On Monday, Apr. 2, 2007, Bill Richardson (D), Governor of New Mexico, signed Senate Bill 523 (PDF 70KB), “The Lynn and Erin Compassionate Use Act,” making New Mexico the 12th state to legalize medical marijuana.
The legislation, which takes effect July 1, 2007, was approved 32-3 in the state Senate (Mar. 8, 2007), and approved 36-31 in the state House of Representatives. (Mar. 13, 2007).
I. Statements from Governor Richardson:
Governor Richardson stated in a Mar. 16, 2007 press release:
“This bill will provide much-needed relief for New Mexicans suffering from debilitating diseases while including the proper safeguards to prevent abuse. I am pleased that the legislature did the right thing, reconsidered this important bill and supported a humane option for New Mexicans who endure some of the most painful diseases imaginable.”
Gov. Richardson additionally noted in a Mar. 15, 2007 Associated Press article by Deborah Baker:
“I don’t see it as being a big issue. This is for medicinal purpose, for … people that are suffering. My God, let’s be reasonable.”
Mar. 16, 2007 Bill Richardson
II. Recap of Legislation:
Removes state-level criminal penalties on the use and possession of marijuana by patients “in a regulated system for alleviating symptoms caused by debilitating medical conditions and their medical treatments.” The New Mexico Department of Health will administer the program and register patients, caregivers, and providers.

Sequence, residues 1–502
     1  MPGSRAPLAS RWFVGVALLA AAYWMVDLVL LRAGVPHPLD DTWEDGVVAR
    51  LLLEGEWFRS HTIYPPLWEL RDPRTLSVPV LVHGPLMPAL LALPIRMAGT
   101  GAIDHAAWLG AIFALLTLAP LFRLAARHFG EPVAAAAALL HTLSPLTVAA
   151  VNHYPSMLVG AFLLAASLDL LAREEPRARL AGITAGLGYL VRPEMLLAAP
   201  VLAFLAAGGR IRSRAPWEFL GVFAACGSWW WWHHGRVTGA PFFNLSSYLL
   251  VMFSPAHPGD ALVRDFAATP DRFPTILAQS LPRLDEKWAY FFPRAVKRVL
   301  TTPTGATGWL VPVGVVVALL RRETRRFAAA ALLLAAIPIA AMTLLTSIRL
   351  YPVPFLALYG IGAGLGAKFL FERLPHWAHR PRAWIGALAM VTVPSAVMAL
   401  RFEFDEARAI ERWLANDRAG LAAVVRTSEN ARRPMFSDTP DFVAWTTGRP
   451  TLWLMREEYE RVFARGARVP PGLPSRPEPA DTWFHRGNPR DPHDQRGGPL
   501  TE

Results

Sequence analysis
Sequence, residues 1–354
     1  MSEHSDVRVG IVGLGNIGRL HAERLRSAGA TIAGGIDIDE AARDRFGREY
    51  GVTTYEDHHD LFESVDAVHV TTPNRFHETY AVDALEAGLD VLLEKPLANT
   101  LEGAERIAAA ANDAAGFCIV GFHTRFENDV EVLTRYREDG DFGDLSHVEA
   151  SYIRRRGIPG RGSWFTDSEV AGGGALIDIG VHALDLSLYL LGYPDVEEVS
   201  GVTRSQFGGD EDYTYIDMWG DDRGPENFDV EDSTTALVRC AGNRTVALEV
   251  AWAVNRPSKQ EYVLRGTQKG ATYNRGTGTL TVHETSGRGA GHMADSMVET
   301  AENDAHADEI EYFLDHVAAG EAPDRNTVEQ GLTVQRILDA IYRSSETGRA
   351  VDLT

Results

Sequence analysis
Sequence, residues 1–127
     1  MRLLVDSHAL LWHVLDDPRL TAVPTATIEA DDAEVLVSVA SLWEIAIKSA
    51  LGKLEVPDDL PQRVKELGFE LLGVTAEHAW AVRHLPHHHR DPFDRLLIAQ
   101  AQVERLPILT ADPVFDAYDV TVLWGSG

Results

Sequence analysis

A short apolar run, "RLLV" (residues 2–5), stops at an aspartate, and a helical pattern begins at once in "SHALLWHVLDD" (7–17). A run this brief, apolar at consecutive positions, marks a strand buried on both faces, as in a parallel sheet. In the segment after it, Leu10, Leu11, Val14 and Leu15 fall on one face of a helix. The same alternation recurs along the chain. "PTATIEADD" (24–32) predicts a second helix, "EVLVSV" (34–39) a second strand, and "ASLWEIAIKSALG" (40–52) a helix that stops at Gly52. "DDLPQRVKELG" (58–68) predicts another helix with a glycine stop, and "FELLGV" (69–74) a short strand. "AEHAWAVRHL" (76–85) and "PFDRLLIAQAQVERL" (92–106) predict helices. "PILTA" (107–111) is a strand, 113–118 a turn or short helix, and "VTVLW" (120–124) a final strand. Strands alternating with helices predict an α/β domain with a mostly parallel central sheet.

Conditions covered: “cancer, glaucoma, multiple sclerosis, damage to the nervous tissue of the spinal cord, with objective neurological indication of intractable spasticity, epilepsy, HIV+ or AIDS status, admitted into hospice care in accordance with rules promulgated by the department, or any other medical condition, medical treatment or disease as approved by the [Health] Department.”
Cultivation: Cannabis growers (“providers”) will be licensed by the New Mexico Department of Health. The Health Department will distribute the marijuana to qualified patients.
Possession: Senate Bill 523 permits a qualified patient or their registered caregiver to possess an “adequate supply,” which is defined as “an amount of cannabis, in any form approved by the department, possessed by a qualified patient and the qualified patient’s primary caregiver that is determined by rule of the department to be no more than reasonably necessary to ensure the uninterrupted availability of cannabis for a period of three months and that is derived solely from an intrastate source.”
- Senate Bill 523 (PDF 70KB), “The Lynn and Erin Compassionate Use Act”
(Approved: Mar. 13, 2007 by House, 36-31; Mar. 8, 2007 by Senate, 32-3)